Yuvraj Singh - 4 months ago

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@Yash Mehan would u like to join my RMO/INMO group. if yes then give ur email.

Ayush Rai - 4 months, 1 week ago

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@Ayush Rai My email is adityak1135@gmail.com I know that this is a really late reply but I didn't know about it earlier ;)

Aditya Khurmi - 2 months ago

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@Ayush Rai My email yashmehan@gmail.com Sorry for the late reply I do not often open up Brilliant Thanks!!!

Yash Mehan - 2 months ago

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@Ayush Rai is dis question addressed to me?

Yuvraj Singh - 4 months ago

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@Ayush Rai Yeah he is good.Invite him

Kaustubh Miglani - 4 months, 1 week ago

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@Kaustubh Miglani what about u?

Ayush Rai - 4 months, 1 week ago

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@Ayush Rai what about me?

Kaustubh Miglani - 4 months, 1 week ago

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@Kaustubh Miglani wont u join our group?

Ayush Rai - 4 months, 1 week ago

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@Ayush Rai he is already in there @ayush rai

Abhishek Alva - 4 months ago

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Problem 5 1)its the easiest- use the identity \({ (x+y+z) }^{ 2 }+{ (x+y-z) }^{ 2 }+{ (x-y+z) }^{ 2 }+{ (-x+y+z) }^{ 2 }={ (2x) }^{ 2 }+{ (2y) }^{ 2 }+{ (2z) }^{ 2 }\) which gives infinite solutions in integers x,y,z.u can check it satisfis all other cond.s 2)solve this one other way round, assume 2016 = \({ (2x) }^{ 2 }+{ (2y) }^{ 2 }+{ (2z) }^{ 2 }\) then it implies 504 = \({ (x) }^{ 2 }+{ (y) }^{ 2 }+{ (z) }^{ 2 }\) by inspection x=22 y=4 z=6, then use the identity Problem 2 -we obtain nth term in terms of n,a,b then use strong induction.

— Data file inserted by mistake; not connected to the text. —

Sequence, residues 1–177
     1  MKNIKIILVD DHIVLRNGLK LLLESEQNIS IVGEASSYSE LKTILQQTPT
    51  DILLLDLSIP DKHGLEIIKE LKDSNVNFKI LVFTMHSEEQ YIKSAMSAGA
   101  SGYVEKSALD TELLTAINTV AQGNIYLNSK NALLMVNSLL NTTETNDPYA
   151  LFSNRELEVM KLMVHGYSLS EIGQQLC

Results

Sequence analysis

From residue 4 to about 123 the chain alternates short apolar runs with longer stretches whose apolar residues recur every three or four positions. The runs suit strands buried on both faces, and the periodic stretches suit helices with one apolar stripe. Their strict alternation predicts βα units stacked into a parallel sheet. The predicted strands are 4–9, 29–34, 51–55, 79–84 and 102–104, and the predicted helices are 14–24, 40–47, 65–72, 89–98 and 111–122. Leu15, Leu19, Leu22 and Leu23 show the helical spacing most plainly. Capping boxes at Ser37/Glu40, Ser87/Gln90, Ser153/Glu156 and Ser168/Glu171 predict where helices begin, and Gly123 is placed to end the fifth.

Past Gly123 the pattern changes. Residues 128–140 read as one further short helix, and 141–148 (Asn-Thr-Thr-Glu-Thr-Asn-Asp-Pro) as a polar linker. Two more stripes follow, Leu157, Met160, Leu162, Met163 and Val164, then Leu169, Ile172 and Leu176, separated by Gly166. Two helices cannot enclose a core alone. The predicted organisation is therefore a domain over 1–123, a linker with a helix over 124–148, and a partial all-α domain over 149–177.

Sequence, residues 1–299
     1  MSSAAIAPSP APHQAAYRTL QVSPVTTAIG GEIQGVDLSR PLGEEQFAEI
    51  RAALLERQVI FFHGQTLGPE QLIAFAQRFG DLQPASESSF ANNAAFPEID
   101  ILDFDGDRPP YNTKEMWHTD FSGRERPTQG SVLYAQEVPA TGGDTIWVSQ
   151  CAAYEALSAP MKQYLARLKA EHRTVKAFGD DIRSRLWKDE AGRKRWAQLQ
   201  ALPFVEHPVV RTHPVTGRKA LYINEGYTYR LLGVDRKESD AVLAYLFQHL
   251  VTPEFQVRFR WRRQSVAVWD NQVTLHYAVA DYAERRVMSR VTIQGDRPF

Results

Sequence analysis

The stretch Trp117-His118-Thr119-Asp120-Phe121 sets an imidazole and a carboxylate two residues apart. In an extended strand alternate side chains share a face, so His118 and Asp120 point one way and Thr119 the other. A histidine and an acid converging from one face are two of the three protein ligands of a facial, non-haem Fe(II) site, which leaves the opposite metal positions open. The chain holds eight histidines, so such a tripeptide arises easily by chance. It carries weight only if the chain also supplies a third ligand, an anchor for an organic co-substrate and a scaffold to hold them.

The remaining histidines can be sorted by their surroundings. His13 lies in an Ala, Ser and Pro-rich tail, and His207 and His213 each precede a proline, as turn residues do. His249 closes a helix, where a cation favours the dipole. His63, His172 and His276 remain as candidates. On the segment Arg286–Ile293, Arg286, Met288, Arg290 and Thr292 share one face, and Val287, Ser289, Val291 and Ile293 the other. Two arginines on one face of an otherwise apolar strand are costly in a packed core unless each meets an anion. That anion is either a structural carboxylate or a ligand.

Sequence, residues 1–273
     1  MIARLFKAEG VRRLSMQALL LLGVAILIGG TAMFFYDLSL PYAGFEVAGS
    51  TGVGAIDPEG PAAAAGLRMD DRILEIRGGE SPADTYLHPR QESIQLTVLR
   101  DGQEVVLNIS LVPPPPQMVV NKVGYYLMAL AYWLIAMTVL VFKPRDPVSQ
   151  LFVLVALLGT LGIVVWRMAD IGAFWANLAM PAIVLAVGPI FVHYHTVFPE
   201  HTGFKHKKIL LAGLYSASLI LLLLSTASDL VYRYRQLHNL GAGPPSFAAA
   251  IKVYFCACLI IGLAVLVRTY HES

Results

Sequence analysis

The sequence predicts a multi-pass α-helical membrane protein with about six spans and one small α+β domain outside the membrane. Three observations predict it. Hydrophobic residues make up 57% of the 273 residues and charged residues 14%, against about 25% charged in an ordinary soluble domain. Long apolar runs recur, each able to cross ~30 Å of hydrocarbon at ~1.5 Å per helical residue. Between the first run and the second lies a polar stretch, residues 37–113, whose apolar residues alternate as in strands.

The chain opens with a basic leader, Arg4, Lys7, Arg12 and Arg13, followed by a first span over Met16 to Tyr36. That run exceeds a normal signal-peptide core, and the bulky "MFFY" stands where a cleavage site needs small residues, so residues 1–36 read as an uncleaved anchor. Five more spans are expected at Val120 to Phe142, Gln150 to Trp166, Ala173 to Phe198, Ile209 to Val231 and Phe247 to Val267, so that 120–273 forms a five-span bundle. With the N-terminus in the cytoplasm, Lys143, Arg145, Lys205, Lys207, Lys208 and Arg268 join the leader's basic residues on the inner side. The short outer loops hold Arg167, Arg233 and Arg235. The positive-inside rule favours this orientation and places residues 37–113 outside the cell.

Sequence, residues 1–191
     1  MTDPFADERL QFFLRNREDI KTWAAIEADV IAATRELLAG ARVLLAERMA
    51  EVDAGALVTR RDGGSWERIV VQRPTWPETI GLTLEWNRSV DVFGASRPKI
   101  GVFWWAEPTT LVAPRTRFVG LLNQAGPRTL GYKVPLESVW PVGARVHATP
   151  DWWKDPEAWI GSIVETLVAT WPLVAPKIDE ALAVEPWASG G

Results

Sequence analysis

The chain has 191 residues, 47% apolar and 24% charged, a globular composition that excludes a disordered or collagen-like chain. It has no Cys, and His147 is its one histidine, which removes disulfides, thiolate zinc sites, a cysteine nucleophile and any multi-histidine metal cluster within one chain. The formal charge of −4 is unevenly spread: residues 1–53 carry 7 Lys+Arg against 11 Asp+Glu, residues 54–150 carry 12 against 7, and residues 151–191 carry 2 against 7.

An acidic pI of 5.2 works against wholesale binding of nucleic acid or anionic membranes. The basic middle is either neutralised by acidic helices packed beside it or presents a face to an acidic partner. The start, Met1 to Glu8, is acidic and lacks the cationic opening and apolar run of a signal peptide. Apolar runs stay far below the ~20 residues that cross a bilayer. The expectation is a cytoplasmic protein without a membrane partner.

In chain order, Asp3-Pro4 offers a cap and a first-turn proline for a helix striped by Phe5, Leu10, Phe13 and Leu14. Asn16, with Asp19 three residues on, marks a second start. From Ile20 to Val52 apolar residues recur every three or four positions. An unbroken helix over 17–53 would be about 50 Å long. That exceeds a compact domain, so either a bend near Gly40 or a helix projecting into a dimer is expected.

Yuvraj Singh - 4 months ago

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the question says pairwise distinct positive integers with no common factor, doesn't that mean they're pairwise coprime?

Govind Ramesh - 4 months ago

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The question mentions that they all don't have a factor in common, and that doesn't mean they are pairwise relatively prime. If x,y, and z are relatively prime, then we are done because then the gcd of these 7 terms would be 1 :)

Aditya Khurmi - 2 months ago

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@Aditya Khurmi oh, thank you i didn't understand the question properly then

Govind Ramesh - 1 month, 3 weeks ago

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Problem 4

By the Cauchy-Schwarz inequality, \(\left(\dfrac{1}{a}+1+c\right)(a^{3}+b^{2}+c) \geq (a+b+c)^{2}=9\)

\(\implies (ac+a+1)(a^{3}+b^{2}+c) \geq 9a\)

Thus, we get

\(f(a,b,c)=\quad \sum {\dfrac{(ac+a+1)a}{(ac+a+1)({a}^{3}+{b}^{2}+{c})}} \leq \quad \sum \dfrac{a(ac+a+1)}{9a}\)

\(\implies f(a,b,c) \leq \dfrac{1}{9}[(ac+a+1)+(ba+b+1)+(cb+c+1)]\)

\(=\dfrac{1}{9}[(a+b+c)+(1+1+1)+(ab+bc+ca)] \leq \dfrac{1}{9}[3+3+3]=\boxed{1}\)

Here we used the identity \((a+b+c)^{2} \geq 3(ab+bc+ca)\) to get \(ab+bc+ca \leq 3\)

Aditya Khurmi - 2 months ago

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Need a solution for q 2 and 6

Azimuddin Sheikh - 3 months, 2 weeks ago

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Can anyone post complete solution to 2nd and last problem?

Azimuddin Sheikh - 3 months, 2 weeks ago

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Diagram to problem \(3\)

Rohit Camfar - 6 months, 3 weeks ago

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Instead,use A-Humpty point lemma, which proves it without anything.

Yuvraj Singh - 4 months ago

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Yup, and then repeat the same procedure to prove the lemma in examination.

Rohit Camfar - 4 months ago

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@Rohit Camfar So in exam, to do any inequality, we can use only upto am-gm? not even cauchy? or can we not use even weighted am-gm?

Govind Ramesh - 4 months ago

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@Govind Ramesh You can use AM-GM and weighted AM-GM because at times some problems are not easy to prove without weighted AM-GM{RMO 2012 paper1 p3}. Use Cauchy-Schwarz too because it is of the basic inequalities. If you use a lemma like the Titu's lemma, then better prove it for RMO, I guess no need to prove that in INMO, not IMO definitely!

Aditya Khurmi - 1 month, 3 weeks ago